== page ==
CAS Board Renews Sodexo As Food Service Provider

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After two rounds of voting, SUNY New Paltz’s Campus Auxiliary Services (CAS) Board chose to renew Sodexo as the food service provider on campus for the next five years.

During their rescheduled meeting on Wednesday, April 10, members of the CAS Board voted in favor of choosing Sodexo’s proposal over those presented by contractors Aramark and Chartwells by a count of 6 to 4. The vote came after Aramark and Sodexo tied in an earlier round of voting.

Both members of the board itself and students on campus had mixed feelings about the decision to renew the incumbent service provider, but shared hope in the possibility of strengthening their relationship in the future.

“Based on the proposals, Sodexo has worked with us in the past on sustainability and workers’ rights, so we hope that we can continue to improve that,” Student Association President and Vice Chair of CAS Board Josh Simpson said after the vote. “Though, all I can say is I am happy I am involved in writing the final contract – it sort of became picking the less evil of the three choices.”

CAS Executive Director Steve Deutsch said at the meeting that he conducted multiple interviews with his peers at comparable schools who currently have the three companies providing food to their campuses.

Deutsch said he received mostly negative reviews of Chartwells from schools like SUNY Albany and SUNY Plattsburgh. Aramark had positive feedback from the University of Hartford and the College of St. Rose, and Sodexo received praise from Marist.

The three competing companies visited SUNY New Paltz last month, each offering proposals about how they would provide food on campus. Afterward, members of the board were asked to rate their proposals.

After tallying the feedback from board members, Aramark received the highest positive feedback with a 95 percent favorability score, Sodexo was second with 90 percent and Chartwells finished last with 82 percent.

Despite the high favorability ratings, students had uneasy feelings about the end result.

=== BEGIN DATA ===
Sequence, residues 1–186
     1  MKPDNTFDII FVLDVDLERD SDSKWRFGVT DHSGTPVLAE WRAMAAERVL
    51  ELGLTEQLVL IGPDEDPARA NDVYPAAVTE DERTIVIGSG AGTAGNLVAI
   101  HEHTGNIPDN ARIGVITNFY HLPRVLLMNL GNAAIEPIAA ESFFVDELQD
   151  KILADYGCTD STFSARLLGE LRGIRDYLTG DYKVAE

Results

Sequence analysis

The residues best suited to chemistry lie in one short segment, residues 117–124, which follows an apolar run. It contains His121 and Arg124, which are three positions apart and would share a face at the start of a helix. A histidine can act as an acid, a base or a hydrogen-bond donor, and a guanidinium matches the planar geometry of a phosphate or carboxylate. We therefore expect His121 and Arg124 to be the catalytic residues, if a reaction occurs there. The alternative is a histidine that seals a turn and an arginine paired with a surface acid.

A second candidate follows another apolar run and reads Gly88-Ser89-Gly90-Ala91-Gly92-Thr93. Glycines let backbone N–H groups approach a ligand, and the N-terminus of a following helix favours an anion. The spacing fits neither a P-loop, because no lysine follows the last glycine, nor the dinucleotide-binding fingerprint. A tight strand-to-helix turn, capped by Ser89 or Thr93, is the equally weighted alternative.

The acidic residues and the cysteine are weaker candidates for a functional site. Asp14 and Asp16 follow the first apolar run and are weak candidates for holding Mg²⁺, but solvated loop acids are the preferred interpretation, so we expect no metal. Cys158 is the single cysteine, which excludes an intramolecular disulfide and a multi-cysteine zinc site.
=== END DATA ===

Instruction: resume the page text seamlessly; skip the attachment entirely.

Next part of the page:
“The reason we were pushing for Sodexo was we wanted to pick the less of three evils,” Student Senator Annemarie Courtens said. “Just because we have Sodexo now doesn’t mean we will have the same service going forward, we are pushing for a lot of things.”

Courtens said because Sodexo had a recently ratified worker’s rights contract and was more willing to listen to student demands in recent months, many students swung their favor in keeping the current provider and working to continue the strides they have made.

“Cheering for Sodexo is not something I want to do,” Courtens said. “All three of the companies were basically the same shirts with different labels on them. No one has experience working with Aramark, but we got our foot in the door with Sodexo and we hope to continue working with that.”

Courtens said Sodexo was open to introducing the Real Food Challenge on campus, which was something that many students hope to see implemented.

The Challenge, which pledges to improve “our nation’s food system to prevent adverse health, social, economic and ecological outcomes,” contains a list of commitments participating groups hope to see and the best practices for doing so.

Now that the CAS Board has voted on their recommendation, Deutsch will take the choice to President Donald Christian and work with a subcommittee comprised of a faculty member, staff member, students and union representatives to work on the wording of a contract that will be sent to Sodexo.

Simpson said he was adamant about being part of the committee and hopes to ensure that the issues brought up by the approximately 30 students who attended the meeting and the various others involved in the process, are addressed.

Despite this, Simpson said while Sodexo has been chosen as the prospective food service provider, the student body’s work is “not done.”

“This contract is for five years,” Simpson said.  “I hope that people won’t lose interest in this like so many other things on this campus. People tend to get up in arms over things and I would hate to see that happen again after such a strong push.”